After taking her 5-month-old daughter and two sons to Disneyland in late 2014, Dr. Cara Christ got a very personal reminder about the importance of childhood vaccinations.
The very same time she and her family visited, an outbreak of measles had begun at the California theme park. Ultimately, more than 145 people across the United States were infected, exposing a troubling and emerging trend of people choosing not to vaccinate their children.
Because her baby was too young to be vaccinated, Christ says she was relying on other people’s decision to protect her child. She found herself in a wait-and-worry mode until the measles’ 21-day incubation period passed without her baby getting sick.
“They don’t make vaccines for just the common cold, they make vaccines for diseases that are debilitating or could kill you,” says Christ, who is now the director of the Arizona Department of Health Services. “It’s so important that you not only get vaccines for yourself and your child, but that you get vaccines to protect other people in the community.”
As the state’s top health official, Christ is on the front lines responding to and containing disease outbreaks — from measles to tuberculosis and Zika. Her agency is also tasked with regulating health- and child-care facilities and improving the overall health and wellness of all Arizonans.
Christ was born in Missouri but grew up in Tempe. As early as elementary school, she remembers being fascinated by books about disease detectives, including Michael Crichton’s “Andromeda Strain” and Robin Cook’s “Outbreak.”
“Through high school and college, I continued to learn more about becoming a disease detective and what path I wanted to take. Originally, I had wanted to work in the special pathogens branch at the Centers for Disease Control and Prevention,” says Christ, who has a master’s degree in microbiology from Arizona State University.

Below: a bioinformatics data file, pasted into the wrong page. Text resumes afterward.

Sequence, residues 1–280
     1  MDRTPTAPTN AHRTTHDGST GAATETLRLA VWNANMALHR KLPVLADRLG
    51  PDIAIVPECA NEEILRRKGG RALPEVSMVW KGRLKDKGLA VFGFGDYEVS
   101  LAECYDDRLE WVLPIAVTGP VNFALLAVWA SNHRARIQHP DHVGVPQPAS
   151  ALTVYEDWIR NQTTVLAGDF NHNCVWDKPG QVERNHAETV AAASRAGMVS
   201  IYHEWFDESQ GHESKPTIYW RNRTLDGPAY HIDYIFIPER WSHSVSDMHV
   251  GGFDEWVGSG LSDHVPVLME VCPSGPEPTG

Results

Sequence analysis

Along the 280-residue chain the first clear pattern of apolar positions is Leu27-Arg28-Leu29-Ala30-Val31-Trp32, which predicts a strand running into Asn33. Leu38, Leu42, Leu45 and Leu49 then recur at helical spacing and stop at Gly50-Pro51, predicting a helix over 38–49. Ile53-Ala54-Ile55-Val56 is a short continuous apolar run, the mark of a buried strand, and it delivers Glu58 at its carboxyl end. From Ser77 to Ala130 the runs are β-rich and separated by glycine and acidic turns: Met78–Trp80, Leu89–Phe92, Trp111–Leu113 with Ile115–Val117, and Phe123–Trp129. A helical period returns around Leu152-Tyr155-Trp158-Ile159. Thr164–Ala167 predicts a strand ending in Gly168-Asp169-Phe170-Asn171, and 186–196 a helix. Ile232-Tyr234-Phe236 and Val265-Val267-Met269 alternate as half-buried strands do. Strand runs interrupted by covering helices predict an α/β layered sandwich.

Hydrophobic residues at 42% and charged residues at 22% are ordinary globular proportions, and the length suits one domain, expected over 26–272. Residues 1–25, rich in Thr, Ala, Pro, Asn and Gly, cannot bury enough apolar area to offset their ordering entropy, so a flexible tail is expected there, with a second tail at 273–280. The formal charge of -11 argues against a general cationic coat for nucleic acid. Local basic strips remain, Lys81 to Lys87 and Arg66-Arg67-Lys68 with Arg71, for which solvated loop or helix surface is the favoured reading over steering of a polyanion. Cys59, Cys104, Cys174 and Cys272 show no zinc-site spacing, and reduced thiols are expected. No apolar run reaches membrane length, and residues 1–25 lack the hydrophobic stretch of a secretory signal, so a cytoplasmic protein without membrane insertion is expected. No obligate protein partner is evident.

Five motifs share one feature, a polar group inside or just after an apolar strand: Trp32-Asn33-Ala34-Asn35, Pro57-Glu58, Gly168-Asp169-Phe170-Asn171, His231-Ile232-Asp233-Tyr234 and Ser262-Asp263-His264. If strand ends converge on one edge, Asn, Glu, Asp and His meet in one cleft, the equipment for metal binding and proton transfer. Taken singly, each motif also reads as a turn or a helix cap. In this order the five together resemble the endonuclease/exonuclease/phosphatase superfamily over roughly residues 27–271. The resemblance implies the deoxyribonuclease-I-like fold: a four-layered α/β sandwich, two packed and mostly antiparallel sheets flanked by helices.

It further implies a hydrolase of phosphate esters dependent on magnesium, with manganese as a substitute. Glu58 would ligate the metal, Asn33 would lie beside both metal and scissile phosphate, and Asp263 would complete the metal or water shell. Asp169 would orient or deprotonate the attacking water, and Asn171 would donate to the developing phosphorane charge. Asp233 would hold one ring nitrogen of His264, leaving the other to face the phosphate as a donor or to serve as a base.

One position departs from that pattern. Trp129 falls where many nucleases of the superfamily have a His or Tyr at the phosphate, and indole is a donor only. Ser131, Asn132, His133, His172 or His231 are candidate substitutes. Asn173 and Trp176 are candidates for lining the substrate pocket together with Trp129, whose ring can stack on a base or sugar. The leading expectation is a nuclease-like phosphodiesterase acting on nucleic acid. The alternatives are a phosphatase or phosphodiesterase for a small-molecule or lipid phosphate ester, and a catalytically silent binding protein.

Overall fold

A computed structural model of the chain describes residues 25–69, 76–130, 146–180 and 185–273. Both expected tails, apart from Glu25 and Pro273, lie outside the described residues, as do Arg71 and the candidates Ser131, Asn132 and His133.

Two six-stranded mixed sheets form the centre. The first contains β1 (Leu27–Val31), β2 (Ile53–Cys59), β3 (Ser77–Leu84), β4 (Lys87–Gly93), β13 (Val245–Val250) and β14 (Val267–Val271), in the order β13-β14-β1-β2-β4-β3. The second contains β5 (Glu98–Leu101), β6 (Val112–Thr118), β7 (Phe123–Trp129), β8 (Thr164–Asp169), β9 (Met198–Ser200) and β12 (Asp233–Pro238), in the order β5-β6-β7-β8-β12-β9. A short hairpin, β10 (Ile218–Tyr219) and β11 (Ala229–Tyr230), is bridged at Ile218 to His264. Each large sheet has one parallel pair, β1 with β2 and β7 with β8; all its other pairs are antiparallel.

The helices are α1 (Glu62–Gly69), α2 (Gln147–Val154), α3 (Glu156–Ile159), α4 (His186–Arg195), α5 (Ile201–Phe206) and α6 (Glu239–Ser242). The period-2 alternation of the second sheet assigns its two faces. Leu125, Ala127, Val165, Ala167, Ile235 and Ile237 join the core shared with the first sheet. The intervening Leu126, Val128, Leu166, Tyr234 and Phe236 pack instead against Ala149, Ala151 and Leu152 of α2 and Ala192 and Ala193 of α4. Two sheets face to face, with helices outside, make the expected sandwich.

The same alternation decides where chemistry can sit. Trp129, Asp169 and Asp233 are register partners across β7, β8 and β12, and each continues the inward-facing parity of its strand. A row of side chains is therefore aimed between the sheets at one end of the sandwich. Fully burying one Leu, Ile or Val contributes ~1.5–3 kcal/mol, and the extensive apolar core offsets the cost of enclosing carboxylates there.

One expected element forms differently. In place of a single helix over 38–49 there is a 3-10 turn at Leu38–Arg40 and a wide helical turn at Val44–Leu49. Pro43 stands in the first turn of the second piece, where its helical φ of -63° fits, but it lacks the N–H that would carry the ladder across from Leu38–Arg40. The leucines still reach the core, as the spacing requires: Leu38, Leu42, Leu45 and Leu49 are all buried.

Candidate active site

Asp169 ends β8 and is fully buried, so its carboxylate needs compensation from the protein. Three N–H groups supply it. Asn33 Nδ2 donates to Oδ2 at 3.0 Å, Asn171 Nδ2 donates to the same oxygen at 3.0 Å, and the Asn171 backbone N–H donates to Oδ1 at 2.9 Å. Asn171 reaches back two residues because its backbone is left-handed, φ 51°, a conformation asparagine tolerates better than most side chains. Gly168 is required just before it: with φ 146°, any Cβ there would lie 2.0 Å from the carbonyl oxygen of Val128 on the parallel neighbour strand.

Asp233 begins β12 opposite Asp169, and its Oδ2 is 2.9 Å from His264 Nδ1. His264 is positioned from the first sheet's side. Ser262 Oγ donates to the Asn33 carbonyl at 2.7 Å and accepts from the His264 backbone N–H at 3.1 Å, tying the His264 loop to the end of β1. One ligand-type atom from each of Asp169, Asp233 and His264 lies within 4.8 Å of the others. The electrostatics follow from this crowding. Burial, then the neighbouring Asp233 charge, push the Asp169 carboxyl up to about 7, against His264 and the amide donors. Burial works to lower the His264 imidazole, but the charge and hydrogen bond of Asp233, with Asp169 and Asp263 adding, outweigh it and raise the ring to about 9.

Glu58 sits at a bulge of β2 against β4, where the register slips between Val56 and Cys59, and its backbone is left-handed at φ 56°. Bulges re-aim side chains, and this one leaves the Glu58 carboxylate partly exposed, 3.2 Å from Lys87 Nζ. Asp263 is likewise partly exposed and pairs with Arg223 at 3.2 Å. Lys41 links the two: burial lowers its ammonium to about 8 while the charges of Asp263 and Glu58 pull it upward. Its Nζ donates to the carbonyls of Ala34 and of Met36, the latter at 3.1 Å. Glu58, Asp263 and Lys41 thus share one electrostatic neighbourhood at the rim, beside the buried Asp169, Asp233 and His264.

In the meantime, she kept bumping into her now husband, Jason Christ. The two met in a lifeguard-training class at Kiwanis Wave Pool in Tempe while they were both in high school. (Jason attended Red Mountain High in Mesa and Cara attended Corona del Sol in Tempe.)
“We weren’t high school sweethearts, but throughout high school and college we kept randomly bumping into each other … teaching swimming lessons together, ending up in the same ASU classes,” she says. “We bumped into each other at a restaurant on Mill Avenue, and it finally stuck.”
The Gilbert couple will celebrate their 15th anniversary this year. A former teacher and school administrator, Jason recently decided to stay home with the couple’s children: 9-year-old Max, 5-year-old Ashton and 2-year-old Emmie.
Christ loves her job, but like any working mom, she acknowledges work-life balance can be tough.
“My husband now is a stay-at-home dad, and I kind of have to live vicariously through him. He’s the one who will take them to swimming lessons and drop them off for running club and take them to piano lessons,” she says. “So by the time I get home, we’re having dinner, we are doing homework, we are practicing the piano, and then it’s bedtime. I miss some of that daily life.”